The Sort class allows you to specify a field (or fields) to sort on and the direction in which to sort (ascending or descending). The following code snippet demonstrates how to use the Sort class:

     Sort sort = new Sort( Sort.Direction.DESC, "age" );
        List<User> users = new ArrayList<User>();
        for( User user : userRepository.findAll( sort ) )
        {
            users.add( user );
        }
        return users;

In this example we execute findAll() to retrieve all Users but sort them in descending order, from oldest to youngest.

Automated queries

You may have noticed that in the previous sections I defined some methods for queries that I did not need to write, such as findByEmailAddress(). Spring Data was able to infer what I wanted to do. Spring Data's naming convention provides automatic support for generating queries. In this naming convention the following rules apply:

  • GreaterThan: returns all records whose specified property is greater than the method parameter. For example, findByAgeGreaterThan(int age).
  • LessThan: returns all records whose specified property is less than the method parameter. For example, findByAgeLessThan(int age).
  • Between: returns all records whose specified property is between two values. For example, findByAgeBetween(int from, int to).
  • IsNotNull, NotNull: returns all records whose specified property is not null. For example, findByLastNameNotNull().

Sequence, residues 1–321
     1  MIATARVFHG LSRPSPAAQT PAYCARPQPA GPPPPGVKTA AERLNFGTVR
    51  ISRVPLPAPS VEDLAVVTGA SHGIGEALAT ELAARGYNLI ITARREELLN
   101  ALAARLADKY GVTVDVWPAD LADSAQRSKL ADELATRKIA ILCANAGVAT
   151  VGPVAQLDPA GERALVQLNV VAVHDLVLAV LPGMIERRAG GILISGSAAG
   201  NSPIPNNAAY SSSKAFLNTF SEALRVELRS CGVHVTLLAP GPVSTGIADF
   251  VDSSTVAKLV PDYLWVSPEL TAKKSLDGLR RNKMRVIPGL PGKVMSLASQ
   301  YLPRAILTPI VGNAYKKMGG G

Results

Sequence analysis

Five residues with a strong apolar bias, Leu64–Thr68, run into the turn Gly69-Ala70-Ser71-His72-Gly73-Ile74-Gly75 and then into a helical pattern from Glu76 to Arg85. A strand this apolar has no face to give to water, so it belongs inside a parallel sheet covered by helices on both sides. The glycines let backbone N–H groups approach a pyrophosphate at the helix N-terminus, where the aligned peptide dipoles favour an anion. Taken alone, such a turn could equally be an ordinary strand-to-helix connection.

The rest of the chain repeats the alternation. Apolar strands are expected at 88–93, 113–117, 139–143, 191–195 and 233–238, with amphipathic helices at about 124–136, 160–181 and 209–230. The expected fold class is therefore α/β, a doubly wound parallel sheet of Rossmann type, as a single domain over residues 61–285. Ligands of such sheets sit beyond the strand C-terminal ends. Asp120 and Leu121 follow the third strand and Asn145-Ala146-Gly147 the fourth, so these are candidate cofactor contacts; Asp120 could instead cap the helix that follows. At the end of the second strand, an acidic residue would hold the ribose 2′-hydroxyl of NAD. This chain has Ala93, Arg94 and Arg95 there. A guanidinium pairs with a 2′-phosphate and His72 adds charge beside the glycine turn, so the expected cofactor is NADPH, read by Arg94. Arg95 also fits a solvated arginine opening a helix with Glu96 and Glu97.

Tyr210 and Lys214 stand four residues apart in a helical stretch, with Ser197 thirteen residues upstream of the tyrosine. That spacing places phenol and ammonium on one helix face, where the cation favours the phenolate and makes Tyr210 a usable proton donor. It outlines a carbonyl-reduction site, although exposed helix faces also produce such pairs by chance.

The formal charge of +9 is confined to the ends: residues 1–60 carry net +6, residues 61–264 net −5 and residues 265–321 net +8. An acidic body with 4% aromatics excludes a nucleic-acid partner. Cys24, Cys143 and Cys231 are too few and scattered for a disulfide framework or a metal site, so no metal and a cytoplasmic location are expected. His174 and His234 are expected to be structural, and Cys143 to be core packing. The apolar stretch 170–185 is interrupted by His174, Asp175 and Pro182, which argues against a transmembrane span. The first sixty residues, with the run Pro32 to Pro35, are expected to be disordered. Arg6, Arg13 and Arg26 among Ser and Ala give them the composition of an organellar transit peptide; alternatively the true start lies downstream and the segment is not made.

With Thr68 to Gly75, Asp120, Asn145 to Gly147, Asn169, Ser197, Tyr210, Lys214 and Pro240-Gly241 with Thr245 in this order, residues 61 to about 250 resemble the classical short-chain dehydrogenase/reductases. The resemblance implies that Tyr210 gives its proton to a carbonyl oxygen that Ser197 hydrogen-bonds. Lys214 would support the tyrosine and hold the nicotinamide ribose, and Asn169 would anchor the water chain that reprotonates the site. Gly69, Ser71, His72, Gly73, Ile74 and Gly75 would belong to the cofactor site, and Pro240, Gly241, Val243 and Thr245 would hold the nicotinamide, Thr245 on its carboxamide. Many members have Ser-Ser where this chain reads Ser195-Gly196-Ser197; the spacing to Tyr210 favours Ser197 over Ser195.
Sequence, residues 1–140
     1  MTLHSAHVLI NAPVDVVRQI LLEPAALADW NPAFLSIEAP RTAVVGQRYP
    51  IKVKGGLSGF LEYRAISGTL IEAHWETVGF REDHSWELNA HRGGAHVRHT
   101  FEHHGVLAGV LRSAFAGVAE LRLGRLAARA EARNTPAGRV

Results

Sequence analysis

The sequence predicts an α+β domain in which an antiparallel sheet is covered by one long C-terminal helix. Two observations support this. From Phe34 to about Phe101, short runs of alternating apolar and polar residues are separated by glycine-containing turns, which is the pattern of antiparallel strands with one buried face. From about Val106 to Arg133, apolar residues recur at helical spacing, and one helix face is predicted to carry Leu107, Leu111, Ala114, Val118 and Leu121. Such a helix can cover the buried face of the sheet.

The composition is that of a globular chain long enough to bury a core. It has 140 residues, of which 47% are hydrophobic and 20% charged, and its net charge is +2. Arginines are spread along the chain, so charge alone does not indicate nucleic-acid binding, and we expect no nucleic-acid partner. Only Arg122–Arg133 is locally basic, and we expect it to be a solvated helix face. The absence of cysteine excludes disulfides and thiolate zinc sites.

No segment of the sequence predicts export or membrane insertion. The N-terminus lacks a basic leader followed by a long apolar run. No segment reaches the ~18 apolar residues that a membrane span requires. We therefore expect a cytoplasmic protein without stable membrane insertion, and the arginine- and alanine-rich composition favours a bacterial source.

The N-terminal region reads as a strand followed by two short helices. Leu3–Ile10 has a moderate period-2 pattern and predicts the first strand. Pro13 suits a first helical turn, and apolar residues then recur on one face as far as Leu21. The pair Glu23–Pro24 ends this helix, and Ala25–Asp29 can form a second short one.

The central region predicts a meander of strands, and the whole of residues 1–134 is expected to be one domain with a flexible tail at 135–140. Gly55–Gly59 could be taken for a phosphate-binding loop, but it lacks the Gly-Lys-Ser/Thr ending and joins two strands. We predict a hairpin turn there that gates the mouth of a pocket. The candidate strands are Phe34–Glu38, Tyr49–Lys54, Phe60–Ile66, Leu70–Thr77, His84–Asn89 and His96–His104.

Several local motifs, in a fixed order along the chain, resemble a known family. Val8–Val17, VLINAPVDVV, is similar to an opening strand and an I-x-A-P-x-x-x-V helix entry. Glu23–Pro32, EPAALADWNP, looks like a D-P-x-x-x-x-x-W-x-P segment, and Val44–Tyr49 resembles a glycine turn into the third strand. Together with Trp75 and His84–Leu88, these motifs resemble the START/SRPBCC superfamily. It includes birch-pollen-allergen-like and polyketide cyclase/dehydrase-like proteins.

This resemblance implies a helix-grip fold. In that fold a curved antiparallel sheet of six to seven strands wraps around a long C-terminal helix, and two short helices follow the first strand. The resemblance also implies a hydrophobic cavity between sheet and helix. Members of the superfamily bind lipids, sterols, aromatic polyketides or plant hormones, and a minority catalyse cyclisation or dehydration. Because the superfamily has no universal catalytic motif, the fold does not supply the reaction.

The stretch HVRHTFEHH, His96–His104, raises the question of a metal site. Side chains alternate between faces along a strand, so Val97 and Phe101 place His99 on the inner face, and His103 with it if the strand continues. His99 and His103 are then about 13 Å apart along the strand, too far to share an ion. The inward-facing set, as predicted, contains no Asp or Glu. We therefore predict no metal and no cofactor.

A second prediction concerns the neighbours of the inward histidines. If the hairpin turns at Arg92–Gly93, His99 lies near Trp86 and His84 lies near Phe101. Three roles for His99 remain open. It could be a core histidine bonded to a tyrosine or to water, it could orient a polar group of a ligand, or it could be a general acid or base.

• IsNull, Null: returns all records whose specified property is null. For example, findByLastNameNull().
  • Like: returns all records whose specified property contains the specified method parameter. For example, findByFirstNameLike(String value).
  • Not: returns all records whose specified property does not match the specified method parameter. For example, findByFirstNameNot(String value).
  • Near: returns all records near a point (if using geospatial database features). For example, findByAddressNear(Point point).
  • Within: returns all records within a specified circle or box (if using geospatial database features). For example, findByAddressWithin(Circle circle).

In addition to this custom naming convention for defining methods, Spring Data gives you the @Query annotation, which makes it easier to write advanced MongoDB queries. For instance, within @Query you can define MongoDB aggregations like these:

 @Query( "{ age: { \"$gte\" : ?0 } }")
    public List<User> findByAgeOver( int age );

    @Query( "{ age: { \"$gte\" : ?0, \"$lte\" : ?1 } }")
    public List<User> findByAgeBetween( int lower, int upper ); 

The first example checks to see if the user's age is greater than or equal to ($gte) the first parameter (?0); the second example checks to see if the user's age is between two values. More specifically, it checks to see that the age is greater than or equal to the lower value and less than or equal to the upper value. (A primer on MongoDB aggregations is beyond the scope of this article, but see the MongoDB reference material for an excellent article describing how SQL queries map to MongoDB JSON queries.)

Advanced querying with QueryDSL

While you'll be able to resolve most queries using the Spring Data naming conventions or with MongoDB aggregates, there will come a time when you need additional querying capabilities. For this, Spring Data has integrated QueryDSL, which provides advanced querying options.